Now speaking of “personal responsibility” I think you ought to tend to your own and get an ACTUAL EDUCATION BEFORE YOU OPEN YOUR MOUTH AND SPEW YOUR HIPPY BS.

      • The unintended consequence of any law is that people with not be forthcoming when they break said law.  That’s a great argument for repealing every law.

        With Lance Armstrong in the news now, people might want to think about Greg LeMonde.  Greg was from Carson City and raced around here as a junior rider.  He was shot by his brother-in-law while hunting birds.  That probably took a couple of Tour de France wins from his career.

        Maybe it’s me, but I won’t go hunting, because I’ve heard too many stories about idiots with guns, and they let any idiot have a gun.  Like your hero of “personal responsibility”, Dick Cheney.

      • > To mandate liability insurance is to make it too costly and create a barrier for lawful access to gun ownership thus you are discriminating against our very own 2nd amendment rights! It is unconstitutional and you are creating a false sense of security just like the foolhardy attempt to reinstate the federal ban!

        Mr. BlueCollarDemocrat:

        I don’t think you really have that much in common with many Democrats. 

        If Rich Robinson, Dianne Feinstein, or Barry Obama had their way, they would probably confiscate your guns, put your children in foster care, and send you to a re-education camp.

        Brand loyalty is an admirable trait, but when Coca Cola starts making their soda pop with bilge water, it’s time to switch to Pepsi.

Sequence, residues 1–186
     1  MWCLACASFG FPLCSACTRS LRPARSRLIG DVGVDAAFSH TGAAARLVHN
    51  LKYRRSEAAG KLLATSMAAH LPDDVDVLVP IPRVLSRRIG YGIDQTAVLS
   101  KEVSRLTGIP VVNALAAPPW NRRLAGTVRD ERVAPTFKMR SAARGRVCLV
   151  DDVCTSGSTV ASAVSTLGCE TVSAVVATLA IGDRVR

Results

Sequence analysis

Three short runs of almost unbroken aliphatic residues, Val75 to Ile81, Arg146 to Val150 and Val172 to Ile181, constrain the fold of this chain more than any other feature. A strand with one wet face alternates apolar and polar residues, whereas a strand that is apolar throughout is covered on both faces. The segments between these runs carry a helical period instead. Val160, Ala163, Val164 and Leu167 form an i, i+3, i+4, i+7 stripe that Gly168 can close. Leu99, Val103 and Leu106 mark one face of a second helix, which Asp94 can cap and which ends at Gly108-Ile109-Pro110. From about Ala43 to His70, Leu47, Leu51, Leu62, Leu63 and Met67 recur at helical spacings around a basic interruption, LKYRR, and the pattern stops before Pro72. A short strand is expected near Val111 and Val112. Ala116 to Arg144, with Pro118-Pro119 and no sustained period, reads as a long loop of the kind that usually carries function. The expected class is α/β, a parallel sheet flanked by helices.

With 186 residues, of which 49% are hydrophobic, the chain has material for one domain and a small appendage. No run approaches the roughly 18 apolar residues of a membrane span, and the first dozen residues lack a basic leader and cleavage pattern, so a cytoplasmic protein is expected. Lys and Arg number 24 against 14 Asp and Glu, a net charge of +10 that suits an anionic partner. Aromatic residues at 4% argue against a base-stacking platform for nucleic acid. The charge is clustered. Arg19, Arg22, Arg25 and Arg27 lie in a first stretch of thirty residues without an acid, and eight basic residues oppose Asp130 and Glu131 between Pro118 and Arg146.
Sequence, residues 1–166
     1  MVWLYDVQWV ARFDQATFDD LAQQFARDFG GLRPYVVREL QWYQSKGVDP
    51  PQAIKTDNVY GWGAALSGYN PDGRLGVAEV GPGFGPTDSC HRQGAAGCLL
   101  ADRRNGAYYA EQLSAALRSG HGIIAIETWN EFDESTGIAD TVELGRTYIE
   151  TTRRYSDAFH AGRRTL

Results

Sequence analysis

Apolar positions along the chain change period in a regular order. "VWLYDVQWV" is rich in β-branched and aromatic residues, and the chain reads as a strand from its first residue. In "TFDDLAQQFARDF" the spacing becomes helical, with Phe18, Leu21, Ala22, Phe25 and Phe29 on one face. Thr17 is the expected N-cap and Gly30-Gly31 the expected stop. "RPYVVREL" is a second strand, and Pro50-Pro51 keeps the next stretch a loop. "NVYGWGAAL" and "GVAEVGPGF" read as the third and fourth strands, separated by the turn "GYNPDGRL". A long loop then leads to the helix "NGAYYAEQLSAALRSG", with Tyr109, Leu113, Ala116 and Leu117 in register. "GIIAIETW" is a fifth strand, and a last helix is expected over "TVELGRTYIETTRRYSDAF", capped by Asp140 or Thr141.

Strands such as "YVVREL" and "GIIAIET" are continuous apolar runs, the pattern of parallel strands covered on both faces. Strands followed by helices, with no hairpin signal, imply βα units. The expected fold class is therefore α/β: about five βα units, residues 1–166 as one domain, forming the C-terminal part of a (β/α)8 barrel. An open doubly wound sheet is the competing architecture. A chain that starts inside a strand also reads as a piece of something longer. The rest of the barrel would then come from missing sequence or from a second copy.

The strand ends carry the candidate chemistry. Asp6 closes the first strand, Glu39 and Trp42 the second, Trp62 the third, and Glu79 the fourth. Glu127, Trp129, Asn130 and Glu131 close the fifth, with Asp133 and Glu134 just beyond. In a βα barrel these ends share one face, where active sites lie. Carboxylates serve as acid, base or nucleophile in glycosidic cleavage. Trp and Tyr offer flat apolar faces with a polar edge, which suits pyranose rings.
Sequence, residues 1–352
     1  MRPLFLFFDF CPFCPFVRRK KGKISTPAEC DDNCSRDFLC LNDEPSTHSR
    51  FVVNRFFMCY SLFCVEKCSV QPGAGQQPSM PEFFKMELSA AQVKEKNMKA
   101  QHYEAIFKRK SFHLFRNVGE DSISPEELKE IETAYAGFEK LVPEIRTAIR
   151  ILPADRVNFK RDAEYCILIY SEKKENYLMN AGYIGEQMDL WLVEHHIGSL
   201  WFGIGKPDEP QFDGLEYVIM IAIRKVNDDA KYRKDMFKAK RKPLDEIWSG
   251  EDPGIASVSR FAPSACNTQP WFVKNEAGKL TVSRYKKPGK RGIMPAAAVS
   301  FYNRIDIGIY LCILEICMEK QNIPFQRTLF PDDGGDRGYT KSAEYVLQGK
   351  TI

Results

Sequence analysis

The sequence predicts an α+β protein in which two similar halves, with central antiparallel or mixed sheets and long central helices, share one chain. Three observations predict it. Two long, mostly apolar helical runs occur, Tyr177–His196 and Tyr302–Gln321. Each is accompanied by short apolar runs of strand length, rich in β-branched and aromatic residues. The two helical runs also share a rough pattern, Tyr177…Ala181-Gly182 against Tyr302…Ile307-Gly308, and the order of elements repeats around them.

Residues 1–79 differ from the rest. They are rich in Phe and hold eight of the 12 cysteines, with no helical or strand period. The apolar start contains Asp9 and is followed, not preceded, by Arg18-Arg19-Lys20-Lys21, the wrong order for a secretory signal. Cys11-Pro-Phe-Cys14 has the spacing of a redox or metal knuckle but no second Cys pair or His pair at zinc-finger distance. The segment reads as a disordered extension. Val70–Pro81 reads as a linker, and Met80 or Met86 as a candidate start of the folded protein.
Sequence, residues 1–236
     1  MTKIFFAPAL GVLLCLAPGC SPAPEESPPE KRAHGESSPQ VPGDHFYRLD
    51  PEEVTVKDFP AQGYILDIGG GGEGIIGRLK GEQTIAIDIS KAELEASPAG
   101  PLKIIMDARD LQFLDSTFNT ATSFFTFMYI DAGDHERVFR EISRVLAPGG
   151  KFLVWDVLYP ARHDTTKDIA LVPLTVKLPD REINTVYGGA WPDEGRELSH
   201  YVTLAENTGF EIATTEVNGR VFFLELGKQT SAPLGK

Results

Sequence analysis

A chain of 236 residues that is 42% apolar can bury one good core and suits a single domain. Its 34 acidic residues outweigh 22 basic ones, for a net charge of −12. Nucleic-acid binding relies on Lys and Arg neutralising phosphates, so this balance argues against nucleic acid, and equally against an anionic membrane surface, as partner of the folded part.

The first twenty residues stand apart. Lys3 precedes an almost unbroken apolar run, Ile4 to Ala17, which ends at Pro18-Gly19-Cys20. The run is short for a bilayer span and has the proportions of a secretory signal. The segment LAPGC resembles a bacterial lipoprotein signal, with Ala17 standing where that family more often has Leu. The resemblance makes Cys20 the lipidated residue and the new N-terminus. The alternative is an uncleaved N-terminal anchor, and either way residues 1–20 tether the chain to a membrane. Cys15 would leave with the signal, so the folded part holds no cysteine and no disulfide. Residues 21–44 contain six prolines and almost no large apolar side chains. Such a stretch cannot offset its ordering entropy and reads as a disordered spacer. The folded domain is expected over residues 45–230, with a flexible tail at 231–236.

2. > … anyone in San Jose who wants to own an assault weapon should be required to pass a mental health check and hand over the gun to police for safekeeping.

    Why limit this to just assault weapons?

    Why not make this a requirement for people who make assault postings to assault blogs?

    Or people who assault their bodies with assault junk food?

    Or people who assault their intelligence by reading assault newspapers or watching assault TV?

    Who can deny that universal universal mental health checks and closer police supervision wouldn’t make San Jose a better place to live.

  3. @ S Randall, if driving is such a “right” then show me WHERE in the constitution, its amendments, and subsequent articles does it guarantee you the right to drive a vehicle? There ISN’T ANY. While it is regulated it’s still a PRIVILEDGE.

    Who is the one with half a brain? The one with half a logic who believes that disarming law abiding citizens will somehow make society safer.The majority of of homicides across the country including San Jose are carried out with firearms that are illegally acquired according to the BATFE. Please explain to me how adding more gun restrictions to the currently endless list of regulations will somehow convince the criminals to finally obey them?!?!

    Delusional people like YOU Randall are ones who make this city unsafe, and you are far more dangerous with your distorted views of reality than any lawful gun owner. And the chance that your false impressions to actually become law will negatively impact everyone’s life and their chance to defend it for a LONG time. 

    Oh and the difference between a dog and gun is that a dog has a mind of its own…….are you telling me that its ultimately the fault of a gun for somehow firing a bullet by itself and not the fault of the evil, psycho behind it who has NO regard for the law?

    Who’s the one with half a brain?

    In an your earlier reply to my post,
    “The unintended consequence of any law is that people would not be forthcoming when they break said law.”
    You said, ” Thats an agrument for repealing every law.”

    Thanks for twisting my words and pulling a strawman fallacy on me. I DID NOT say ANY law, and its not an “unintended consequence” it is a failed proposal that can’t hold it’s own weight and has no tangible impact on curbing gun violence.